Page:The Irish in Australia.djvu/264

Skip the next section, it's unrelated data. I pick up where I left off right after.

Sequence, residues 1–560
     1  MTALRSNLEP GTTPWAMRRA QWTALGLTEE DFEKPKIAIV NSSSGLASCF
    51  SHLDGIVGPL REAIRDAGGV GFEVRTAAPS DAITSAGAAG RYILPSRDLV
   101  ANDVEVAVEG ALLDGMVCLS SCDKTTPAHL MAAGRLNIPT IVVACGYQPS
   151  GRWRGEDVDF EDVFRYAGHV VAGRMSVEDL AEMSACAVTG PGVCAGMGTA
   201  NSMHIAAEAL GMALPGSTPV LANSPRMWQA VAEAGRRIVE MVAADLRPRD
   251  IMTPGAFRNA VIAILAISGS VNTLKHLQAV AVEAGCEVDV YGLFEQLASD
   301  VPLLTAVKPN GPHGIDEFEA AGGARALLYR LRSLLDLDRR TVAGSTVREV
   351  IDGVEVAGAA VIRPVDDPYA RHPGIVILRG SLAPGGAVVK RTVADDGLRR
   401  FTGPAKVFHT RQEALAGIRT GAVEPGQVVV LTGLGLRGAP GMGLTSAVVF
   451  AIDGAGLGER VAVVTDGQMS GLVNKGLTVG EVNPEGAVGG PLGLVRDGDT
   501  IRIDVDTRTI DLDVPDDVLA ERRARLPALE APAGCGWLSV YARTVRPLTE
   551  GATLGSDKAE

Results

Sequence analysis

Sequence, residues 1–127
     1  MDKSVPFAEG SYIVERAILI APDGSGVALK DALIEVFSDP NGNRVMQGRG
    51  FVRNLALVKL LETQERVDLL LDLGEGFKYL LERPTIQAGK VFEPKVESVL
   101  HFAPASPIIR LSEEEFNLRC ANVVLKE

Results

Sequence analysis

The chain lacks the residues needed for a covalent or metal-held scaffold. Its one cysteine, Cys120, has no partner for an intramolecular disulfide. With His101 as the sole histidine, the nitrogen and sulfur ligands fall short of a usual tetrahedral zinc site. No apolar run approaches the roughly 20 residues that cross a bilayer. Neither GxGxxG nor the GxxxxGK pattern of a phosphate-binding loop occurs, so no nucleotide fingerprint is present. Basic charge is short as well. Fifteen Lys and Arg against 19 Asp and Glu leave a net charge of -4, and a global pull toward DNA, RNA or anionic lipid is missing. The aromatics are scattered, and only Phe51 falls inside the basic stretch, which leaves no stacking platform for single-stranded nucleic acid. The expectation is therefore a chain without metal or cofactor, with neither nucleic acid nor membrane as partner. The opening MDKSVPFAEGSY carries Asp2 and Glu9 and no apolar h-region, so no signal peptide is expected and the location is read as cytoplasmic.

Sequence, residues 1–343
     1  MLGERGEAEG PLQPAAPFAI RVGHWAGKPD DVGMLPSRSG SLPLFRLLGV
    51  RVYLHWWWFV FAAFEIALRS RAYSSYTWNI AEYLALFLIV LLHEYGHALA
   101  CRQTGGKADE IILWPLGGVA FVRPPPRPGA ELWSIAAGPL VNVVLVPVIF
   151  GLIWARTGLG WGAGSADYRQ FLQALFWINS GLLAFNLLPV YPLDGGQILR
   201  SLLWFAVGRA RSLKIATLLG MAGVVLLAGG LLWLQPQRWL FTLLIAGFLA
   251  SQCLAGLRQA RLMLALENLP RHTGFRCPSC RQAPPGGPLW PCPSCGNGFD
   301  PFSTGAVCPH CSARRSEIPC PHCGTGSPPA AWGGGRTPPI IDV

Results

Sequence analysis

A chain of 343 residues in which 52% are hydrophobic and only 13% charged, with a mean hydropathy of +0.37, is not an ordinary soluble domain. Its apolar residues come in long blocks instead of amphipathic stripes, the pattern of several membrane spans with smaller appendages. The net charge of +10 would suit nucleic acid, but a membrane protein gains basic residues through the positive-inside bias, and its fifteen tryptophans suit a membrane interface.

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churches, schools and religious houses for which he secured sites all over Victoria, and which, thanks to his keen and intelligent prevision, are flourishing institutions to-day, will be long-standing memorials of his organising and administrative abilities. His Honour Judge Quinlan, an old Victorian colonist, has supplied some interesting reminiscences of Dr. Groold's early episcopal career. "I had the good fortune," he says, "of making his lordship's acquaintance in the latter part of the year 1853. He was a bishop whose duties can never be equalled, by reason of their inseparable association with the circumstances of the early days. The whole face of the colony is now changed, and the circumstances of the diocese have so altered, that it is impossible that any of his successors can labour in his footsteps. The reason is this. He came at a time that was most exciting in the history of this colony, when people were pouring in at the rate of a thousand a week. He had to supervise a territory of enormous extent, teeming with human souls that wanted saving, and with children that wanted education. It was a task for a Hercules, but he did it. He was obliged to do all his travelling on horseback, and he did it. I remember his excursions through the bush in the olden times. How unostentatious he was! How zealous! How indefatigable! How under his mild bland exterior he carried the heart of the Christian warrior! I remember his coming to Ballarat at the time of the Eureka riots and I know for a fact that his presence and influence there had more effect in upholding law and order than all the soldiers and police put together. I remember when he went to Mount Eversley during the disturbances in that neighbourhood, and can recall the enthusiasm of the people—how they determined to build a